Anne Hollander makes a sweeping historical generalization about the gendered aesthetics of visible bone structures in Western society. While it is broadly true that male bones have been more evident in figurative art, Carolyn Day’s book Consumptive Chic attests to the fact that it was fashionable for women to appear to be on the verge of death starting in the late eighteenth century, with the desirability of a pale, emaciated look reaching its height in the Romantic period. In the 1824 Dialogue Between Fashion and Death, Italian Romantic poet Giacomo Leopardi has Fashion tell her ‘sister’ Death that ‘it is our custom to keep renovating the world’. Like the immortal phoenix, fashion must die so as to renew itself from the ashes in perpetuity. This conception of fashion as constantly ‘renovating’ itself and the world has potentially deadly moral and environmental consequences in an age of fast and globalized fashion. Yet the symbiotic, even sisterly relationship between death and fashion, between skeletal underpinnings and outer ‘skins’, whether of flesh or cloth, has always been a part of fashion iconography in the post-medieval Western world. This essay explores the enduring historical dialogue between fashion, exposure, and death and focuses on how skeletal iconography and graphic reminders of mortality found their way onto actual garments in novel and explicitly gendered ways in the wake of the heightened surveillance culture that was ushered in by the events of 9/11.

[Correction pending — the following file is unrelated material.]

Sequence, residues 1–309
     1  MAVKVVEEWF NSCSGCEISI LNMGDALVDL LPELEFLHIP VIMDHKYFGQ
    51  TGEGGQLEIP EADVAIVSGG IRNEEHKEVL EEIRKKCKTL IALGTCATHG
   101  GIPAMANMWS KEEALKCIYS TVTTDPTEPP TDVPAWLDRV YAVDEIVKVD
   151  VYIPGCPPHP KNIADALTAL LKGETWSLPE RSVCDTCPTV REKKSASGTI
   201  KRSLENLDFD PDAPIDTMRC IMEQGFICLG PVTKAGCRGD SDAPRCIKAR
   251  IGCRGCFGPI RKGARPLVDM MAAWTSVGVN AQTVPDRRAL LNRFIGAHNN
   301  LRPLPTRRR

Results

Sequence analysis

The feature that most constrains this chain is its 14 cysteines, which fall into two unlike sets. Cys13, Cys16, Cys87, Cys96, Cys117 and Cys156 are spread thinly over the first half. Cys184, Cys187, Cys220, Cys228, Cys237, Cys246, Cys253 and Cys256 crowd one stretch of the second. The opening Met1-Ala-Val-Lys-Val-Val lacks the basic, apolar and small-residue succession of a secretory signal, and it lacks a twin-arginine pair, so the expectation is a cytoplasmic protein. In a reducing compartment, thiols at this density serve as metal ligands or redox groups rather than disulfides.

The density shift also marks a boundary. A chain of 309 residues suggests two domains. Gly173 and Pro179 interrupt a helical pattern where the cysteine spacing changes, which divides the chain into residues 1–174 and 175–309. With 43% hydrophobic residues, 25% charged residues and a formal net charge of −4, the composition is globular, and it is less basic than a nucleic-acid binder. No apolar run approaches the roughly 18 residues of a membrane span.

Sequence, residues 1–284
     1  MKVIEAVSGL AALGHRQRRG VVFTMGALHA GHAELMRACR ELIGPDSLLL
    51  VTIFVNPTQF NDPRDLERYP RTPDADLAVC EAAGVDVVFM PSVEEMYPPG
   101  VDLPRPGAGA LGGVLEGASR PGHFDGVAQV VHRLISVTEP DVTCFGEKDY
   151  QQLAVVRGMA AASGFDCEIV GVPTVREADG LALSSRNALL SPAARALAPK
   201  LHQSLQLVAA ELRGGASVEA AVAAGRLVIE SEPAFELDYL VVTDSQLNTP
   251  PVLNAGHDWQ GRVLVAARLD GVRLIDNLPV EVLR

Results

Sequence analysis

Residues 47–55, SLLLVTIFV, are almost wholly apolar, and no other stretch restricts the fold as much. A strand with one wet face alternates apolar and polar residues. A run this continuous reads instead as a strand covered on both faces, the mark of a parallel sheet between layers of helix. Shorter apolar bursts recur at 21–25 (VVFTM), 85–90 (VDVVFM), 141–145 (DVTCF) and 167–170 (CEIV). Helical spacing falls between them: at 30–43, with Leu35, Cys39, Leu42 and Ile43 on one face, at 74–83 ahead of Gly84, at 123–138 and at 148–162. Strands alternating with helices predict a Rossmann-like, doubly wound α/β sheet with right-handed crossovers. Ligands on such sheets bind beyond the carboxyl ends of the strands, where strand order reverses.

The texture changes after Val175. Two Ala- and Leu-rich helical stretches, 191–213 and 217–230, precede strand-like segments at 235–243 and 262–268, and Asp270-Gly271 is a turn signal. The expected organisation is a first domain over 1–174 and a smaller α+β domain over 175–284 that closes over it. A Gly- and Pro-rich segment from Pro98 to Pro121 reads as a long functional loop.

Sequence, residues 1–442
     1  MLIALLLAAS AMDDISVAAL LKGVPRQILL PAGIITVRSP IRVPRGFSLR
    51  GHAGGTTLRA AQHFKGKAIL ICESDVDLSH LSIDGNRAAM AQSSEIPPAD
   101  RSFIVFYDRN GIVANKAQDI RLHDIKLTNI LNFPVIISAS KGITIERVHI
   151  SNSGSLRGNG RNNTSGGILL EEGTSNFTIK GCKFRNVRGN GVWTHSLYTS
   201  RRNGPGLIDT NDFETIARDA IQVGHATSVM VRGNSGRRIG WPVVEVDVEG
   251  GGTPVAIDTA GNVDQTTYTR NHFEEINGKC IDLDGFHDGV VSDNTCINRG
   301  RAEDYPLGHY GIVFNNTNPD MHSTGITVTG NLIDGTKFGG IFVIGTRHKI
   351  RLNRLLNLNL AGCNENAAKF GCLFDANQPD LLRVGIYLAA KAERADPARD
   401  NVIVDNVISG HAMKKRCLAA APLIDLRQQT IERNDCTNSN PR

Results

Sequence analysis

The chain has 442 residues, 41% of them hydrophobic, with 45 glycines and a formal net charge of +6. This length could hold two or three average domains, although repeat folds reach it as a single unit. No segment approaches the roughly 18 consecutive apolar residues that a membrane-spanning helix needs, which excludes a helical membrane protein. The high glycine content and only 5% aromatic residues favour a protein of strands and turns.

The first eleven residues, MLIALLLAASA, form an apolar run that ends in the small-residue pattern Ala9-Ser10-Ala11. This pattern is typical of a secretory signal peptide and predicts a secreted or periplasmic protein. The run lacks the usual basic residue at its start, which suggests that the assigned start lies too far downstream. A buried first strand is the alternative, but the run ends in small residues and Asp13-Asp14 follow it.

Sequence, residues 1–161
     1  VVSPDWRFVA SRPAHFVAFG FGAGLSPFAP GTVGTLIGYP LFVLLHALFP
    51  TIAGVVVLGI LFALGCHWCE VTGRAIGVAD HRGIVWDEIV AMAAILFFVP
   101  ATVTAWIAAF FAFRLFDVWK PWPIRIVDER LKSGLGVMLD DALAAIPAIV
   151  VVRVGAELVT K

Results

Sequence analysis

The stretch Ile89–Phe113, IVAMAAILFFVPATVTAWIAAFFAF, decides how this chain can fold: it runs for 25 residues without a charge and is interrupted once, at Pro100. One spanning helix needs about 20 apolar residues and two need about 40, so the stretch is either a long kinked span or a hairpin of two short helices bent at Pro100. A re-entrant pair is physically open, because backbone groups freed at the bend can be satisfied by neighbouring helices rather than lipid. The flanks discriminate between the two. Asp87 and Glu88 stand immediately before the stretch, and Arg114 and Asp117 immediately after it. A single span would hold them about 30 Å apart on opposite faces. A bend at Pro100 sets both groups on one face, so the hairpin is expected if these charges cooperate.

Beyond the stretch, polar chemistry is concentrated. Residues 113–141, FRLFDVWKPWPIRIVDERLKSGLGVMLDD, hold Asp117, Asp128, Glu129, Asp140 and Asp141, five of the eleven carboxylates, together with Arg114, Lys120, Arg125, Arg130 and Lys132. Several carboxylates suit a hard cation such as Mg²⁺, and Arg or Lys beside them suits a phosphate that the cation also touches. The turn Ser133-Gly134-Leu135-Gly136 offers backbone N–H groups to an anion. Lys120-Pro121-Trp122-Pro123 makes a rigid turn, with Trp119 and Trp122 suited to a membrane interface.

This issue’s Culture section opens with historian Alexander Meshcheryakov’s paper From Pride to Bitterness and Back: Japanese Reflections on the Country’s Natural Habitat. Throughout the course of Japan’s long history, the country’s territory cannot be said to have undergone any significant qualitative or quantitative change. Until the late nineteenth century, Japan was seldom at war. The country did not attack others, or fall victim to invasion. The pioneering spirit that inspires adventurers to embark on their voyages of geographical discovery was alien to Japanese culture: even the island of Hokkaido itself was not thoroughly explored until the second half of the nineteenth century. Continuing to exist within the confines of the archipelago granted it by nature, traditional Japan did not in any significant way alter its borders. Traditional Japanese society’s means of impacting its natural environment were relatively limited; thus, on the whole, this environment can be considered a constant. This notwithstanding, social attitudes towards the natural environment in Japan were prone to drastic change, depending on historical circumstance. This remarkable phenomenon meant that at times, the home turf was seen as exceptionally favourable, whilst during other periods, it was considered woefully lacking. The main factor behind these mutually exclusive views was the general atmosphere prevailing in society at a given time. During periods of optimism, Japanese territory was seen as the best place on Earth; in times of gloom and pessimism, however, it was viewed as puny and insignificant.